If there were such an event as the world championship horse race, only three classics around the globe could rightfully contend for this honorary title. They are the King George VI and Queen Elizabeth Stakes in mid-July at Ascot, the Prix de l' Arc de Triomphe in early October at Longchamp and the Washington D.C. International at Laurel on Veterans Day. All three are run over the mile-and-a-half distance and over the internationally accepted grass surface.
However, because American owners are still reluctant to ship their best horses abroad for the first two of these events, the Laurel International is, in fact, the closest thing racing has to a world championship. Not all the best horses show up at Laurel, but enough of them do to turn this unique and colorful spectacle into one of the finest racing events on this or any other continent.
Next week's 10th running of the International, sponsored by Laurel President John Schapiro (the track pays all transportation and housing costs for its invitees), will no doubt be accompanied by the usual criticisms. These come from racing people who have nothing to do with the race but are jealous that Laurel, and not some other major track, puts together a race that has won such wide public acceptance.
The great difference between this year's race and its predecessors is that the U.S. will be represented by the very best horse we have ever put into worldwide competition. Kelso (see cover), running in the colors of Mrs. Richard C. duPont, gives the U.S. such a strong hand (our other entry will be Preston Madden's T.V. Lark) that we may have frightened off Europe's three best—Molvedo, Right Royal and St. Paddy—all of whom ranked high on Schapiro's invitation list.
On performance alone it would be hard to pick against Kelso next week. Some few do not like his chances because this will be his first start on a grass track. They conveniently forget that in 1954 Fisherman had never so much as galloped over grass until he was named a substitute entry for the injured High Gun just 48 hours before his winning race.
As a matter of fact, Kelso's accomplishments have been so outstanding this year (seven wins in eight starts) that he has already earned our Horse of the Year title for the second season in a row—no matter how he fares at Laurel. And to those who wonder what he can hope to gain by winning at Laurel (in addition to first money of $70,000), his sporting owner has a most appropriate reply. Mrs. duPont, who plans to try Kelso over fences in the hunting fields of Maryland and Delaware, says, "Kelso has already proved he can run any distance from sprints to two miles. He has proved he can carry all the weight in the world. To those who claim that Kelso has yet to prove he can handle all kinds of tracks I say that we'll run at Laurel and show that the grass won't make any difference to him." In a final demonstration of Kelso's versatility, Mrs. duPont may eventually turn him over to her beautiful and talented daughter Lana for Olympic-type equestrian events.
It is a shame that Europe's best will not come over to challenge Kelso. Britain's St. Paddy has retired for the season. The Italian Molvedo, winner of the Arc de Triomphe, has also called it quits. France's Right Royal, second in the Arc, has gone to stud.
What does this leave as an invading force? Well, there are the third horse in the Arc, France's Misti, an assorted bunch from England, Ireland, Denmark, Argentina and Venezuela, and an entry from Russia that is coming to Laurel for the fourth time. The Reds are not making the trip to go sightseeing in the lovely Anne Arundel countryside of Maryland. In recent years they have put into their racing the same determination to succeed that has marked their advances in track and field, in ice hockey, basketball and, to a lesser degree, in international tennis. In 1958 they finished sixth and last; in 1959 they were fifth and eighth; last year they were third and fourth. This year one of their entries is the 4-year-old Zabeg, who finished third a year ago, beaten only three lengths by Bald Eagle. He would have been second if his Russian jockey had remembered the correct procedure for claiming a foul. That jockey, who has been on the leading Soviet finisher for the last three Internationals, is a prickly-faced man named Nikolai Nasibov.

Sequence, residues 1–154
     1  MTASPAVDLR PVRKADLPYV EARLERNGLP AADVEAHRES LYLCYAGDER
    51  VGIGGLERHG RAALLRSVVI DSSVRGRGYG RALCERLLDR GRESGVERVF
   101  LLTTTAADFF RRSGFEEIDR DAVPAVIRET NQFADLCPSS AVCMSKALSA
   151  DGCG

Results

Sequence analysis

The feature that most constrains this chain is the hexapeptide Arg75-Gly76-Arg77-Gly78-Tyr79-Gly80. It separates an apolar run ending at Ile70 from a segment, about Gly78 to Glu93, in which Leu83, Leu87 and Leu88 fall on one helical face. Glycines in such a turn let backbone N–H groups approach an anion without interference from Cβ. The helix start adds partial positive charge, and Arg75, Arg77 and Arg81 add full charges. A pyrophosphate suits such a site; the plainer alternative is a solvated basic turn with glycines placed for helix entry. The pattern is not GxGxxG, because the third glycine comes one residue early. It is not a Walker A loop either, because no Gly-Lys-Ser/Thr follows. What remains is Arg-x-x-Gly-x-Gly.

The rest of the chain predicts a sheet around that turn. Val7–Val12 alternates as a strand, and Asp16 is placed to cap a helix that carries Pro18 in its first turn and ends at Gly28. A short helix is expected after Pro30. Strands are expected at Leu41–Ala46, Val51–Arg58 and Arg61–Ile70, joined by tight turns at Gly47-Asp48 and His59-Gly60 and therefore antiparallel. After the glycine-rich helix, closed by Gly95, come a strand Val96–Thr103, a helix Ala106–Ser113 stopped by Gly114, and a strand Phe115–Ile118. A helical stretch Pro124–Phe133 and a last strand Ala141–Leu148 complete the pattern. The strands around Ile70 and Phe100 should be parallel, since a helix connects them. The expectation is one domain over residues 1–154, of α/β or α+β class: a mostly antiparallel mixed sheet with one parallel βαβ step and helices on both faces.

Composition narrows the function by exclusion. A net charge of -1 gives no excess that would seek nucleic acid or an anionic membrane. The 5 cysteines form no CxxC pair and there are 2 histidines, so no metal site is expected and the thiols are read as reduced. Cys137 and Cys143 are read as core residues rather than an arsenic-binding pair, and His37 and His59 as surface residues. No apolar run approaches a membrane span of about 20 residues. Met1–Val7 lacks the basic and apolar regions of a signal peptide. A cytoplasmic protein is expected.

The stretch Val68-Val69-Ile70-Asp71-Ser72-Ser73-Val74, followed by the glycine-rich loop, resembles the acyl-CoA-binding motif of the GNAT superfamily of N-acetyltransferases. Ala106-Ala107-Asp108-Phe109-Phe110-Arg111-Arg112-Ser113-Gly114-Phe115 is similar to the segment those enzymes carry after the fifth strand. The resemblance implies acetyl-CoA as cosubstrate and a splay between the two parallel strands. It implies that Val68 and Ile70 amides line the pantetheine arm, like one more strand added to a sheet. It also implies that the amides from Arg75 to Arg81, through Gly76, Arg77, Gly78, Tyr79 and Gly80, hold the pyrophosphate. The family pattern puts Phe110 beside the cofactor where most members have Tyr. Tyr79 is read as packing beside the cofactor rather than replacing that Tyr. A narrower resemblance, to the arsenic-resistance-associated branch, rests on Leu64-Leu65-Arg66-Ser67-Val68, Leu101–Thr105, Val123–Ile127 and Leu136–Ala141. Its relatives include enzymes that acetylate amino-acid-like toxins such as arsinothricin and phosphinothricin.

Nasibov is more than his country's leading jockey; he is an exceptional rider by anybody's standards. At Laurel he has withstood a number of nerve-racking false starts. Through quick thinking, he skillfully avoided a dangerous fall in the 1959 race when two horses went down almost directly in front of him. Last year he rode Zabeg with an excellent sense of pace, and this year the same team will hardly be rattled by anything around them, including the tactics of our own old pros, Johnny Longden and Eddie Arcaro. The other Russian horse is called Erpich, his rider is a newcomer here named Aleksei Garmash, and your guess is as good as mine about what to expect of them. The Russians aren't talking.
Notwithstanding the probable improvement of Russia's Zabeg, I think France's Misti may be the more dangerous European challenger. His owner, perfume manufacturer Comte Guillaume d'Ornano, describes his 3-year-old brown son of Medium, out of the mare Mist, as the kind of very fast colt with a good, yet not too heavy build "that I believe is just right for Laurel." When Comte d'Ornano was advised that foreign horses seem unable to make much of an impression at Laurel unless they are fitted to American shoes with calks or toes (disallowed in France) he replied, "People who have raced at Laurel have told me the same thing. For your type of course and with the predominance of speed in your races, it is probably true that unless a European horse is five or six lengths the best of his field, he should wear American plates at Laurel. Misti will wear them."